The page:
Once-struggling Baldwin Hills elementary school thriving academically after revamp to curriculum

BALDWIN HILLS, LOS ANGELES (KABC) -- Once struggling with academic performance, an elementary school in Baldwin Hills is now thriving after teachers took a step back and tailored the curriculum to the students.

Since adopting the new curriculum in 2016, student performance at Baldwin Hills Elementary School has dramatically increased.

Stacey Joy, a teacher at the school, decided to switch things up in the classroom when she noticed a lack of enthusiasm from students.

"The kids were like so excited, like you could tell that it's like, get us away from those old funky books and let's do something new and fun," said Joy.

That meant a new curriculum that embraces and incorporates the African-American identify and experience into daily lesson plans.

In just two years, achievement in English increased by 27% among African-American students and 62% in math, according to the California Department of Education. African-American students at the school are now exceeding state averages in both subjects by roughly 100%.

Last month, the school received the 2020 California Distinguished School Award for closing the achievement gap.

"We're really excited about it. We have over 82% of students of African descent and traditionally when you're talking about black families and Latino families, the common trend has been their underachievement," said Dr. Letitia Johnson-Davis, the school's principal.

The curriculum is more rigorous for students and teachers and it's in constant revision as teams of educators assess what works and what doesn't. Parents also play a key role.

In fact, it was parents and educators together that initiated the shift, making Baldwin Hills elementary a pilot school still under the LAUSD umbrella - but with the autonomy to shape its own educational program.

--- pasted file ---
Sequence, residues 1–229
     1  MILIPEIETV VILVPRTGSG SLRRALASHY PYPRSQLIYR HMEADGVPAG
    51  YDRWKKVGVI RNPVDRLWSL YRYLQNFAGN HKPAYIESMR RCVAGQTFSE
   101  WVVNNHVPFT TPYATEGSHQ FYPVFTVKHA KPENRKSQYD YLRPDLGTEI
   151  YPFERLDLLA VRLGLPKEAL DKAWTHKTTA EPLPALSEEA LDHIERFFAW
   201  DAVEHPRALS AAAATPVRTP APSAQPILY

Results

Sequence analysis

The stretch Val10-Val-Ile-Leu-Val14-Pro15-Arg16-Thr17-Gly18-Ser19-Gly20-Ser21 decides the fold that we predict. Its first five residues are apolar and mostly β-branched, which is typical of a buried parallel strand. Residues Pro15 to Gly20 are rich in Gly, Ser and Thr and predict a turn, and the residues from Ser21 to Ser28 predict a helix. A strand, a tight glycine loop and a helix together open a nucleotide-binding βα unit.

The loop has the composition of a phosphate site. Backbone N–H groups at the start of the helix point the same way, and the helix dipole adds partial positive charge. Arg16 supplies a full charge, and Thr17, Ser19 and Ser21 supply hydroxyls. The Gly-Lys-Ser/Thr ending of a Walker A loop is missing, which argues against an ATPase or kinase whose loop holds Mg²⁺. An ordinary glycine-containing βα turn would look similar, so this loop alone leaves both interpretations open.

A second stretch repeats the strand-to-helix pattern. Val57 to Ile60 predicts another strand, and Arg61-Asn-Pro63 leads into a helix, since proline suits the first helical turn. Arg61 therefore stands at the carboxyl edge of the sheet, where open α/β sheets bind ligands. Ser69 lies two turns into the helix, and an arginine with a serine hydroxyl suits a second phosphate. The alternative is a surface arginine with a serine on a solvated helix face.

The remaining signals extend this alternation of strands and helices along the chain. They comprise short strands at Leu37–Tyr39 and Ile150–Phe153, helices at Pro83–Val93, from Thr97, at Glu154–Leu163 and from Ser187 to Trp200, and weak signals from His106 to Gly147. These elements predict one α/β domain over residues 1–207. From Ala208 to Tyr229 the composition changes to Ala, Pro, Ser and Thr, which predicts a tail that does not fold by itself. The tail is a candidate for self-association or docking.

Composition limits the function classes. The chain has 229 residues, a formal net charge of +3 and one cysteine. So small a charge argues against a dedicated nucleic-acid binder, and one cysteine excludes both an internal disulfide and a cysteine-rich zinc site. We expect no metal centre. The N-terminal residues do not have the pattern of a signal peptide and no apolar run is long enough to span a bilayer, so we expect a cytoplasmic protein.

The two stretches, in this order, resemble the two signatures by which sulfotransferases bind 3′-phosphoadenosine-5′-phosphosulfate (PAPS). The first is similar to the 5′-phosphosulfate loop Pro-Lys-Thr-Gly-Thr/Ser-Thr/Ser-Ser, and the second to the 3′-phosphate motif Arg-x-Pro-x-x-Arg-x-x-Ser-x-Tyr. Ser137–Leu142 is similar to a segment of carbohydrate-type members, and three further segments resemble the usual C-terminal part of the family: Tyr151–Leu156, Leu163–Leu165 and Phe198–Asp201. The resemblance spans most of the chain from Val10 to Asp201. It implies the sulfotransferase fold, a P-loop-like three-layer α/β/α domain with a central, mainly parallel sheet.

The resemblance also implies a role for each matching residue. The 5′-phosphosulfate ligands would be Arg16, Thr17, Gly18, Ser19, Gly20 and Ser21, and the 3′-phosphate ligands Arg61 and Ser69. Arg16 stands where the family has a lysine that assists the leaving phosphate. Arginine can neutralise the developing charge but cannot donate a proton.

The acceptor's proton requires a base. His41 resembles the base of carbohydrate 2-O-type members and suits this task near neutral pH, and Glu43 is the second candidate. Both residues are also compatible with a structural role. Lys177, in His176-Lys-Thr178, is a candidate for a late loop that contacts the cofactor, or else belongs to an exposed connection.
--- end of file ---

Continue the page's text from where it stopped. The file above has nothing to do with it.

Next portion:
Tünette Powell says her son used to struggle with writing but not anymore.

"The 4th grade teacher started using poetry and hip hop to get him to fall in love with writing and to find his voice. He starts getting fours in writing and I'm just like oh my god, and now he's so arrogant about his writing as if he's always been good at it," she said. "But it's like that's just an example of being able to bring in curriculum that is relevant and that is culturally relevant and means something to kids. That's been really important for us."

Alicia Montgomery, the executive director for the Center for Powerful Public School who studies the roughly 40 pilot schools in LAUSD, says Baldwin Hills is getting it right.

"The idea that the expertise is in the room and how we use that expertise to create better outcomes for students is critical and absolutely can be replicated," she said.
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